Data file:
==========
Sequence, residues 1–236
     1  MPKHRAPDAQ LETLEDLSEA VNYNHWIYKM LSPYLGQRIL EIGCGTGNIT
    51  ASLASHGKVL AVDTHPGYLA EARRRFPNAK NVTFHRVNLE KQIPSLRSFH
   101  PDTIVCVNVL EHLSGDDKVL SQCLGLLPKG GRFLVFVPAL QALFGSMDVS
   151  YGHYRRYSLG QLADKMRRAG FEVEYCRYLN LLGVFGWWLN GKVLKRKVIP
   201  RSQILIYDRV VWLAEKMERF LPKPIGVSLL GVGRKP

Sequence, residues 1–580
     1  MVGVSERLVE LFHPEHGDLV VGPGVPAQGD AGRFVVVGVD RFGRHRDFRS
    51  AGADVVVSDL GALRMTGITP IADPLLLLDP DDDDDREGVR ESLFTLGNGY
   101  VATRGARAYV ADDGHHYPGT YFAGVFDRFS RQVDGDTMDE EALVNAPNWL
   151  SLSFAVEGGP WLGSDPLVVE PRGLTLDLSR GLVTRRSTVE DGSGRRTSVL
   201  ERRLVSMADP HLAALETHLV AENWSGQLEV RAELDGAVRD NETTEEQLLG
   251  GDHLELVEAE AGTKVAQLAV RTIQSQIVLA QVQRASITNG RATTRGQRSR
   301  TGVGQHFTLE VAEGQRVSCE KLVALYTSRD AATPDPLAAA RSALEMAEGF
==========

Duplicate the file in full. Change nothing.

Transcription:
Sequence, residues 1–236
     1  MPKHRAPDAQ LETLEDLSEA VNYNHWIYKM LSPYLGQRIL EIGCGTGNIT
    51  ASLASHGKVL AVDTHPGYLA EARRRFPNAK NVTFHRVNLE KQIPSLRSFH
   101  PDTIVCVNVL EHLSGDDKVL SQCLGLLPKG GRFLVFVPAL QALFGSMDVS
   151  YGHYRRYSLG QLADKMRRAG FEVEYCRYLN LLGVFGWWLN GKVLKRKVIP
   201  RSQILIYDRV VWLAEKMERF LPKPIGVSLL GVGRKP

Sequence, residues 1–580
     1  MVGVSERLVE LFHPEHGDLV VGPGVPAQGD AGRFVVVGVD RFGRHRDFRS
    51  AGADVVVSDL GALRMTGITP IADPLLLLDP DDDDDREGVR ESLFTLGNGY
   101  VATRGARAYV ADDGHHYPGT YFAGVFDRFS RQVDGDTMDE EALVNAPNWL
   151  SLSFAVEGGP WLGSDPLVVE PRGLTLDLSR GLVTRRSTVE DGSGRRTSVL
   201  ERRLVSMADP HLAALETHLV AENWSGQLEV RAELDGAVRD NETTEEQLLG
   251  GDHLELVEAE AGTKVAQLAV RTIQSQIVLA QVQRASITNG RATTRGQRSR
   301  TGVGQHFTLE VAEGQRVSCE KLVALYTSRD AATPDPLAAA RSALEMAEGF